Those who complete their own tax returns going over them once and thinking they are completed could be a mistake. You should actually look over the previous year’s tax return each year when you prepare the current year’s tax return. You may have capital losses or a net operating loss that you forgot or missed. If you miss this and do not carry over your losses you could lose a lot of money, and no one wants to lose money.

If you do your own taxes it is important that you keep meticulous records. Missing one little item could cost you thousands of dollars. When you change tax preparers be sure to give the new preparer copies of previous year’s tax returns. That way the new tax preparer will not miss anything that should be carried over.

Self Employed Deductions

9. The Self-employed Health Insurance Deduction

A tax preparer would be able to tell a business owner that buying health insurance for themselves and their family will help to reduce federal income tax. Not only reducing federal income taxes but self employment tax as well.  The medical expense deduction is reduced by 7.5% of adjusted gross income, so if health insurance premiums aren’t deducted on the right line of a return, the taxpayer will be paying too much tax!

10. Keeping Incomplete Records

Get organized for tax time. Do not wait until the first of the year to get the previous year’s paper work together. Getting organized is not hard. Simply buy an accordion file at the start of each year.  Not only will you be prepared but you will have a place to store all of the receipts along with the tax return that you have to keep. In the file you can put all of your receipts that way you will not forget anything and they will all be in one place.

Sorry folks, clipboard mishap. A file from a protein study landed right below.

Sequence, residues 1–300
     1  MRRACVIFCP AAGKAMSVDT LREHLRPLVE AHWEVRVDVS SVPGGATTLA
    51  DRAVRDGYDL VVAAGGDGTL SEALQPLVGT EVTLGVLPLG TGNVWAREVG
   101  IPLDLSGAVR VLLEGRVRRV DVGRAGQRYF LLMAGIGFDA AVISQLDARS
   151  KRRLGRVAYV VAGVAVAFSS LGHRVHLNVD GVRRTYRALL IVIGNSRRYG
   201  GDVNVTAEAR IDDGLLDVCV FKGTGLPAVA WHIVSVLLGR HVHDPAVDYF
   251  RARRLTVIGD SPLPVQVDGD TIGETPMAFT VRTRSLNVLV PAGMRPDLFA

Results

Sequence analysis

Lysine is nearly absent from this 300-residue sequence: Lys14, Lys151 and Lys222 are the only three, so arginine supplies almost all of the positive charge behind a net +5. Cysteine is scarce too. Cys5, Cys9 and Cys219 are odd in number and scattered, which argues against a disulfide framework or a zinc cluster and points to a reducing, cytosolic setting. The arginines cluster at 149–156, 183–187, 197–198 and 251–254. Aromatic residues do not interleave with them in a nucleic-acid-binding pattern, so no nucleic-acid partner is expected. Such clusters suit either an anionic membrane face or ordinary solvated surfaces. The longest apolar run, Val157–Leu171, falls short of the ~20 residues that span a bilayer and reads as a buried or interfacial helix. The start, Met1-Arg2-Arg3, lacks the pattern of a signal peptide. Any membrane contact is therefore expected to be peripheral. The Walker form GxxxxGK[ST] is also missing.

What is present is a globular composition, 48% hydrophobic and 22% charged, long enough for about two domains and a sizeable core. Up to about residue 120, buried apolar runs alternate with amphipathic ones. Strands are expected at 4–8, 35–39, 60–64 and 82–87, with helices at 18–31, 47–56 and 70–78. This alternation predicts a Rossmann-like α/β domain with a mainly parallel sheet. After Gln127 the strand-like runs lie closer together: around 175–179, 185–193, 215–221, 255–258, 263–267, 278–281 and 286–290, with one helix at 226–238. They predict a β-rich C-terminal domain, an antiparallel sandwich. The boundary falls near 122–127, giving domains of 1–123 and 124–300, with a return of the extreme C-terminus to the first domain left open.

You can dedicate a section to each of the expenses. Then when you get your W-2's or 1099s place them in the folder, hand it to the tax preparer and your taxes are completed; time to get ready for the next year’s return. You will be feeling great knowing your taxes are completed while everyone else is stressing over getting their taxes done. Maybe seeing you so relaxed will encourage them to get organized and prepare ahead of time.

Updated: 08/07/2013, CRfan